When I tell people they should try an Ishiguro novel (which is quite often) there’s one piece of advice I always give: if the book they choose doesn’t strike a chord with them, be sure to try another, as he offers something a bit different every time. That’s one of the reasons I love him as an author – I know that with each of his stories he’s going to take me to a place I haven’t been before. I’m always amazed at how he manages to explore his ideas through such a wide variety of settings. There’s the traditional country house of “The Remains of the Day”, the post-war Japan of “An Artist of the Floating World” and the unsettling alternate reality of “Never let me go”; and I marvel at the imagination of a novelist who can conjure up this array of fictional landscapes whilst writing with such precision and authenticity. One thing you can guarantee though is that the prose is going to be utterly sublime – and that’s the principle reason I love his books so much. His style is deceptively simple, almost sparse sometimes, with a restraint that often belies the emotional turmoil at the heart of his stories. There’s no melodrama and no linguistic flamboyance, just purity, clarity and a real sense that every word has been carefully placed and is there for good reason.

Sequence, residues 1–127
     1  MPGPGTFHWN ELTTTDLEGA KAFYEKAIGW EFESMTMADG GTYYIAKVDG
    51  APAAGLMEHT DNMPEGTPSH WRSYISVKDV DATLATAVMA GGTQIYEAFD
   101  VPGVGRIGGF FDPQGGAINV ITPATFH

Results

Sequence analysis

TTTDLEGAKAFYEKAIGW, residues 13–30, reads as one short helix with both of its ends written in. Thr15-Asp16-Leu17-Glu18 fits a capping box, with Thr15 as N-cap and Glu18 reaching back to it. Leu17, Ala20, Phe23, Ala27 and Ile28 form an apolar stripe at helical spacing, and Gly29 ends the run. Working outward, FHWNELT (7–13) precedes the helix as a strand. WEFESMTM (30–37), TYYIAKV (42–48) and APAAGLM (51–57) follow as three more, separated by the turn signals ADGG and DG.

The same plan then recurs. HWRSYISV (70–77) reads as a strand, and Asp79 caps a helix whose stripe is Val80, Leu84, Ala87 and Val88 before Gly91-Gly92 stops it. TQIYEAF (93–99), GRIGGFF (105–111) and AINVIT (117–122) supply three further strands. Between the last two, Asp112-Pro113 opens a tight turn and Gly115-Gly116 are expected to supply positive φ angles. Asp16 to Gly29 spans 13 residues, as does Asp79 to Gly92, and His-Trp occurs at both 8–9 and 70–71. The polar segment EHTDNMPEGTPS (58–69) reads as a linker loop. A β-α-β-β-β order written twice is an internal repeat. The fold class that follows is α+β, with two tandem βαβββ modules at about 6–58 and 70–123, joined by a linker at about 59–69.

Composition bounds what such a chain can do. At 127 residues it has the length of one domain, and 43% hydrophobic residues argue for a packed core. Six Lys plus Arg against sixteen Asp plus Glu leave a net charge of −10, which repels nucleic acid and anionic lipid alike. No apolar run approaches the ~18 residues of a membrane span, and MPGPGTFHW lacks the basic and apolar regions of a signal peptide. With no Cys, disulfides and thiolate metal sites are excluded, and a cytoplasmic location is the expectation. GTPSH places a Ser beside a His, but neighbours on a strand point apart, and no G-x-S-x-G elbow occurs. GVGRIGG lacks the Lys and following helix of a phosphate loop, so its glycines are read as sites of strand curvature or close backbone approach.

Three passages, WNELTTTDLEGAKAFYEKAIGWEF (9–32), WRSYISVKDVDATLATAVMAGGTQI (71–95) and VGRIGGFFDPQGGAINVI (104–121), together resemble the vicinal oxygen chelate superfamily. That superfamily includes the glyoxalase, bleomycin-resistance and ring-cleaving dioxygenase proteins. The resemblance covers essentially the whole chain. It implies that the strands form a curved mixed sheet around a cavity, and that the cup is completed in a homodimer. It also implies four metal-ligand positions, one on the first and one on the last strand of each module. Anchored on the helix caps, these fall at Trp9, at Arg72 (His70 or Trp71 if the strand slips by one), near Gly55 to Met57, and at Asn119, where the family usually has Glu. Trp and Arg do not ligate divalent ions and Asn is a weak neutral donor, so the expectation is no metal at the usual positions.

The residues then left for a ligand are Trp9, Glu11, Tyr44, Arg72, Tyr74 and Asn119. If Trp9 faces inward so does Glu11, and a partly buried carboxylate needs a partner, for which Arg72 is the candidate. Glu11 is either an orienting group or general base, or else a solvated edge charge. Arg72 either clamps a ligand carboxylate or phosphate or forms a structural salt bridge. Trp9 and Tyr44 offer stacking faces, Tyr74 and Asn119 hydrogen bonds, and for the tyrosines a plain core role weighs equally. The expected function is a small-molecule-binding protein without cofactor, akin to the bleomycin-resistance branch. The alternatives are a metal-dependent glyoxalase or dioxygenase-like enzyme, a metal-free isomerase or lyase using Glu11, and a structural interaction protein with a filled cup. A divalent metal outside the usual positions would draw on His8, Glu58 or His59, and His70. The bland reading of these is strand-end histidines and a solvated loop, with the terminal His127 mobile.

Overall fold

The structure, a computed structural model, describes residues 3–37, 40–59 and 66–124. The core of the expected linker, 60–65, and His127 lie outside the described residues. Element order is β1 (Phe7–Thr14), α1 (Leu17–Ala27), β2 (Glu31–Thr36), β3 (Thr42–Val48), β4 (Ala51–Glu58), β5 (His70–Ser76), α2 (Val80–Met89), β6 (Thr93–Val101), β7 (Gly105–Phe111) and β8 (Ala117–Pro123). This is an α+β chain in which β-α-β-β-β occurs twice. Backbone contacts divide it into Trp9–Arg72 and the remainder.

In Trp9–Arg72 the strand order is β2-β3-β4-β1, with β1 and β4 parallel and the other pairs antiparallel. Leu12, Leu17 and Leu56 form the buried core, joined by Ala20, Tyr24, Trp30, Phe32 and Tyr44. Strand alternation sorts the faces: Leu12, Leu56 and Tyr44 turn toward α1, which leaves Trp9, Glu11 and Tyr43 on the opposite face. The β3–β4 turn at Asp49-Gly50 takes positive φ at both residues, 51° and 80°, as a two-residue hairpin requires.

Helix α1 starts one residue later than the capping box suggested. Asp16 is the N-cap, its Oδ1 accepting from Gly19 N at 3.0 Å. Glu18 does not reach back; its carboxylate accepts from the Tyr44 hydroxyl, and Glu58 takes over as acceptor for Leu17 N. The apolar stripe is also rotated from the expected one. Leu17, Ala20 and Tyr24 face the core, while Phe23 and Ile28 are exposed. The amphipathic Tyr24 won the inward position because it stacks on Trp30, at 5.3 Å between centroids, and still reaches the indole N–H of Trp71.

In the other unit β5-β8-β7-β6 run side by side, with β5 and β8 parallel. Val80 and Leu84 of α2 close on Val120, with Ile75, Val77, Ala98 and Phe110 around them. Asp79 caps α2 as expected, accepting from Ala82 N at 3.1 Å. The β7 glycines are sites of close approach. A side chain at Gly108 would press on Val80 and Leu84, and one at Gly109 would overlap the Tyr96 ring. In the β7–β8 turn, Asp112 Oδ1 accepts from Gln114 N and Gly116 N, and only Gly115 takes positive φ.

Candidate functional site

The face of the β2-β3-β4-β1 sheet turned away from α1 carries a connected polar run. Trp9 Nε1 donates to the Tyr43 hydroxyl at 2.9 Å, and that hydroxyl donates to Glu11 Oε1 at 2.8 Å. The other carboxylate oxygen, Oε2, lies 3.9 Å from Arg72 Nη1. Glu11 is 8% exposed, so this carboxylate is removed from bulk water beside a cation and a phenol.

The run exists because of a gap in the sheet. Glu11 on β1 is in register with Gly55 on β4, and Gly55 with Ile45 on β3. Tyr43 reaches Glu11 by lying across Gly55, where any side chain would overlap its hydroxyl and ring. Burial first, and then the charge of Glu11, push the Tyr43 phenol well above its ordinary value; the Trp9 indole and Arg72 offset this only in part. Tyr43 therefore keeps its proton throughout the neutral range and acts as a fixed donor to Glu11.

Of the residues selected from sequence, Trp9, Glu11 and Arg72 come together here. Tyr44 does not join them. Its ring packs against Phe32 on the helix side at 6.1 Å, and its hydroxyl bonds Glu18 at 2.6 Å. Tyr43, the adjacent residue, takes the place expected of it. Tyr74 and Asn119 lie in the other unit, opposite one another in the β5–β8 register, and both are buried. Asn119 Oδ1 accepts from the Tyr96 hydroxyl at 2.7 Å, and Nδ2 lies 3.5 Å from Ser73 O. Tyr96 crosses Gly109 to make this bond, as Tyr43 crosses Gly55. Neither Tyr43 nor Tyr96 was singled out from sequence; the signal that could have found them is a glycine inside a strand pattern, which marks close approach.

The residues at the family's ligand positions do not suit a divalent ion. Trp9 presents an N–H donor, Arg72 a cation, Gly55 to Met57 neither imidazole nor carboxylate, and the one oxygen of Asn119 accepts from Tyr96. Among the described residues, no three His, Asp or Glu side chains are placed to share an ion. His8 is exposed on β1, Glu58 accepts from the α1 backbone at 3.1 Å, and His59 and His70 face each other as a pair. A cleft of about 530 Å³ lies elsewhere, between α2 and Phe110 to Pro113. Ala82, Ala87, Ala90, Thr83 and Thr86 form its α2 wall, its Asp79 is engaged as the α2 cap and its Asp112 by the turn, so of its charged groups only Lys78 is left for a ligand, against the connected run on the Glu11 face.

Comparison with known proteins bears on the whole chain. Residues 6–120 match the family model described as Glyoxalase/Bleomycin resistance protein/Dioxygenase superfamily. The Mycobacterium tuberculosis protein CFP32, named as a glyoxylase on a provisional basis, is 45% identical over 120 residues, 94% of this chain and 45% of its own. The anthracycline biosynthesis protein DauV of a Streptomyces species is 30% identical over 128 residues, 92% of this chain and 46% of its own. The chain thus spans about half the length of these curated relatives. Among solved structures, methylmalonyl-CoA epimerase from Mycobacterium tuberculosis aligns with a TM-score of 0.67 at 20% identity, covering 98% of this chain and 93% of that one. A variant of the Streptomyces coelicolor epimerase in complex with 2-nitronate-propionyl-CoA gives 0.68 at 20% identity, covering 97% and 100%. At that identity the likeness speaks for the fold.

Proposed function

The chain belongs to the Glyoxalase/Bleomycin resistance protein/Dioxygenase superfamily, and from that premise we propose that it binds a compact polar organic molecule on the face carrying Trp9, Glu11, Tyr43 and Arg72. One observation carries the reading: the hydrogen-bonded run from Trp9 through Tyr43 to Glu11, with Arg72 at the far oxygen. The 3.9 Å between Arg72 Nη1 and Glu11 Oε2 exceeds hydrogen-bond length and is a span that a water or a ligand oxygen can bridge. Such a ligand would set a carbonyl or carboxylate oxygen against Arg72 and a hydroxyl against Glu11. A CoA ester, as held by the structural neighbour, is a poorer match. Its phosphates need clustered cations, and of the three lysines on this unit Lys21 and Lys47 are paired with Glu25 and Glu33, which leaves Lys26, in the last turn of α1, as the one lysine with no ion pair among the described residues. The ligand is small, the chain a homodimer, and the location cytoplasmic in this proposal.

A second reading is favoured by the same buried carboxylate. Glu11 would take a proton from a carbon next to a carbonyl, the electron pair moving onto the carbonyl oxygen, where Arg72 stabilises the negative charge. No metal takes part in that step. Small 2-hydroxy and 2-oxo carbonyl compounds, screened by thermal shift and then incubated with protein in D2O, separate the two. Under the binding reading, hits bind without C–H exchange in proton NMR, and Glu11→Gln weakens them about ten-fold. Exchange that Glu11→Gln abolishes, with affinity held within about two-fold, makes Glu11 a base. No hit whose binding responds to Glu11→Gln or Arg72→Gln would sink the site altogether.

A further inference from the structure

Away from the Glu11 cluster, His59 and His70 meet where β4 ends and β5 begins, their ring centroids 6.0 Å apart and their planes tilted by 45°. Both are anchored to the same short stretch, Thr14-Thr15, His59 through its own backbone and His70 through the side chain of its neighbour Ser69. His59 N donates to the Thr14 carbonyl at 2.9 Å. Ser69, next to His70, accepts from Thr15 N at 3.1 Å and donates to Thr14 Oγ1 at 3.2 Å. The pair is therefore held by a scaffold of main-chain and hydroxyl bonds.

If I had to pick a favourite it would be “An Artist of the Floating World”; there’s something about the visual cleanliness of the Japanese setting that really seems to mirror his writing style. But, as I said at the start, with Ishiguro there’s such variety on offer that I’m sure you’ll find your own favourite.